One of the new experiences for me as a trade author is the process of getting reviews. When I published my first two book with an academic press, it took a year or more for reviews to start coming in. This time around, as Constance Fenimore Woolson: Portrait of a Lady Novelist and Miss Grief and Other Stories get ready for publication on February 29, reviews have already appeared, the earliest on November 9, nearly four months before publication!
As the pre-publication reviews have come in, I have been holding my breath. Reviews in Publisher’s Weekly, Kirkus, Booklist, and Library Journal “influence which books get noticed, bought, and promoted in the media,” as an article in Slate magazine explains. These are trade magazines that provide reviews for bookstores, libraries, and newspaper and media outlets. We ordinary folks don’t read them (in fact, reviews in Booklist and Library Journal are available to subscribers only, although Booklist will make reviews available online for two weeks).
When you log onto Amazon or Barnes and Noble, these are the book reviews that appear first. And, as they “aim to predict a book’s fate in the real world,” Slate argues, “they [also] play a role in shaping that fate.” How much subsequent coverage your book receives in the more widely read publications can be determined by these early reviews. They can also influence book buyers and libraries, hence the number of books sold.
So it would seem that the fate of your book rests in the hands of four random (and in some cases anonymous) people who get to have their say before anyone else. Of course, the trade publications aren’t as all-powerful as they once were. Book bloggers and websites can have more impact on readers’ opinions and hence book sales. So I sent a list today to my editor of book blogs that might be interested in my book. Ultimately, there is no sure route to getting attention for your book, and certainly these early trade reviews do help. So I was delighted when two out of the four trade publications gave Constance Fenimore Woolson: Portrait of a Lady Novelist starred reviews, which are given to small percentage of books (about 10%) they deem most worthy of attention.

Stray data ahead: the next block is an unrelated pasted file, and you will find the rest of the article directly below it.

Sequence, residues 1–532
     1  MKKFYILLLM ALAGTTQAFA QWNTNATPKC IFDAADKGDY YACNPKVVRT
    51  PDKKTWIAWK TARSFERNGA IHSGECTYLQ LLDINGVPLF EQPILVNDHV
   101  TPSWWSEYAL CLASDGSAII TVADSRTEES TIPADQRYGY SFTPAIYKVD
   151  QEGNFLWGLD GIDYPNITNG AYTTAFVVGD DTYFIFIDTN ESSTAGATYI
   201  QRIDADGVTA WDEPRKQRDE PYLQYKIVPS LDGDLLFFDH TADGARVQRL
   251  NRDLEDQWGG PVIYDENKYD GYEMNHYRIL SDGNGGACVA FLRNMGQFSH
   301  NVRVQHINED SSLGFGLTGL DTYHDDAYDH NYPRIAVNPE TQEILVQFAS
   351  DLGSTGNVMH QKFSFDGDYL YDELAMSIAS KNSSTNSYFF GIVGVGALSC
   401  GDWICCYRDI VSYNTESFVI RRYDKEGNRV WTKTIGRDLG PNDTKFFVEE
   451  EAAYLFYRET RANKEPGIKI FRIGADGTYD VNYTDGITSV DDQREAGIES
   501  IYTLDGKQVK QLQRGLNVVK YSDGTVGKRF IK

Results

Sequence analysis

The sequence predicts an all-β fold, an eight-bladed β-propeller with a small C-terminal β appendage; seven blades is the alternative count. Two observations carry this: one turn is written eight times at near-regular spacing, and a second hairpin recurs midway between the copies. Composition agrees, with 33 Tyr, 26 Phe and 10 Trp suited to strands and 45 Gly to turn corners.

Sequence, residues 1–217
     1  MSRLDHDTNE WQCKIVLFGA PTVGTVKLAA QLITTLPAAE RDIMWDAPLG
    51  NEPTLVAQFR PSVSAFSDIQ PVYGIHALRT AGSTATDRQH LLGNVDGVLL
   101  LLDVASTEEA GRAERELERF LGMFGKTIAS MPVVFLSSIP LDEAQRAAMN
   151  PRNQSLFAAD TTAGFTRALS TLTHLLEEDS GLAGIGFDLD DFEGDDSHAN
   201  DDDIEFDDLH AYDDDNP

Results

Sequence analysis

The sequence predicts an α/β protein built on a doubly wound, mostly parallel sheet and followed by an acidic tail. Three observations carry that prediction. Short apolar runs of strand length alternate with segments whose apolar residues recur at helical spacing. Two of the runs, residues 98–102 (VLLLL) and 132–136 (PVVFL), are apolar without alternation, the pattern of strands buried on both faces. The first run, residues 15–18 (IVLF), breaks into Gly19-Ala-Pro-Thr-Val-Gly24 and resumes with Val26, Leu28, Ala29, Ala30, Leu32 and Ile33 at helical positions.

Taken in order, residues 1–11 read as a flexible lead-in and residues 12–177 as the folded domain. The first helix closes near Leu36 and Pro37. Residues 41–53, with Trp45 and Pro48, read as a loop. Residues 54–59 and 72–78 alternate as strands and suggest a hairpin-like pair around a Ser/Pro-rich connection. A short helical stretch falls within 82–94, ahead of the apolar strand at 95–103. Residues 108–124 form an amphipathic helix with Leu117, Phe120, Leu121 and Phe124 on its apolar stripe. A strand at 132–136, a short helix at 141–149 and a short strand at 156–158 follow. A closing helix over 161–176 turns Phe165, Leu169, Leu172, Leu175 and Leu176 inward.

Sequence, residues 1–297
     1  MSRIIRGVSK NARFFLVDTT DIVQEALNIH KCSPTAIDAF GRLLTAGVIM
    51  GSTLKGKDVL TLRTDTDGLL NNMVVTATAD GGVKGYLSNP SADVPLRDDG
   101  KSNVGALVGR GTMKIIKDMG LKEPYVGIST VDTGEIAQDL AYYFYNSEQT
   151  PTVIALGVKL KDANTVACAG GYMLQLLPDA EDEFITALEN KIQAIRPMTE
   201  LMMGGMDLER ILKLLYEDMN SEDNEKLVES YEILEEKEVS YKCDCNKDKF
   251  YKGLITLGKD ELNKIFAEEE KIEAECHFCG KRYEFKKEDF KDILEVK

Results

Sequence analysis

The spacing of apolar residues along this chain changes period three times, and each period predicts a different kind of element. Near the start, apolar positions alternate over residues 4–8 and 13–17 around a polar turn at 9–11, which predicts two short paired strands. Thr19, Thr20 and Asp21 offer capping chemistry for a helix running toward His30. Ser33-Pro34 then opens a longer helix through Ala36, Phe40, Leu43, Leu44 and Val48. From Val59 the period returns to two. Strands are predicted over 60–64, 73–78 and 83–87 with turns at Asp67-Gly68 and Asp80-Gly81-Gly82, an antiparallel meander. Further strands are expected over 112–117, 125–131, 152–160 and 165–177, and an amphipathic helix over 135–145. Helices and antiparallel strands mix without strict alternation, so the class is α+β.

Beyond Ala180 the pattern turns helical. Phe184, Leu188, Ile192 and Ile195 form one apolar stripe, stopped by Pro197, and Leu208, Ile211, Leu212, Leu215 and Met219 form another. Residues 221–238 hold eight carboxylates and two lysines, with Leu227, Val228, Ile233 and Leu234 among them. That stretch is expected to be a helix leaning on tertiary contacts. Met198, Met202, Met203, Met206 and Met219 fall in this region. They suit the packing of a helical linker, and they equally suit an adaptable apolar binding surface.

PW and Kirkus gave solid, positive reviews, but no stars. PW called the biography “a thoughtful retelling of Constance Fenimore Woolson’s life.” Woolson’s “work merits reexamination, and Rioux has brought to life an unjustly forgotten writer,” they concluded. Kirkus called it “an intelligent, sympathetic portrait of a complicated, even tortured writer who calls for fresh readers.”
Then on December 1, Library Journal gave the biography a starred review, although only the first few sentences are available online. The verdict was:
“An important contribution to reestablishing this long overlooked writer to her rightful place in the American literary canon, this excellent book will captivate readers interested in women’s studies and late-19th-century American literature.”
The American Library Association’s Booklist, however, went beyond my wildest dreams with starred reviews for both the biography and the collection of stories. They are devoting a whole page in the print edition to a feature promoting both books together. Online, you can see, for the next two weeks, the individual reviews. Of the biography they write, “Rioux has brought Woolson back to the republic of letters by writing a vivid, deeply involving biography.” And,
“Rioux offers smart and poignant insights into why Woolson was forgotten and why her unapologetically sincere and passionate novels and stories fell so swiftly out of favor. It is a boon for everyone interested in American literature and women’s lives to have Woolson back on the shelf.”
Of the stories, they write,
“This is an exciting volume, with a thoughtful and admiring foreword by Colm Tóibín, who describes Woolson as ‘an adventurous and brave explorer in the territory of human disappointment.’ . . . The humble, hard-working, long-suffering women in Woolson’s stories are transcendent in their stoicism and capability. Woolson belongs in every American literature collection.”
It doesn’t get much better than that. All of my hopes for the reception of these two books was fulfilled by this review. My family and I went out for a special dinner that night to celebrate.
There are many more reviews to come, however. At least I hope there are. I know of a few in the works. Let’s hope they are as welcoming of Woolson, helping her to regain the recognition she deserves. But I will be on tenterhooks until the publication reviews come out closer to publication time (Feb. 29).
[If you happen to be interested in reviewing Constance Fenimore Woolson: Portrait of a Lady Novelist or Miss Grief and Other Stories, e-galleys are available in Edelweiss or you can request review copies from my publicist, Elizabeth Riley, at firstname.lastname@example.org.]